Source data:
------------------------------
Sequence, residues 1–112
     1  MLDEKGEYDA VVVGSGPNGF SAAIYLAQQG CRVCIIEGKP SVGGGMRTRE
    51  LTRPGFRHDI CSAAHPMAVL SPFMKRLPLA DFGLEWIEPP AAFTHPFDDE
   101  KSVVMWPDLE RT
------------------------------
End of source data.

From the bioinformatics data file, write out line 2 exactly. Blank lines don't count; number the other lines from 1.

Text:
     1  MLDEKGEYDA VVVGSGPNGF SAAIYLAQQG CRVCIIEGKP SVGGGMRTRE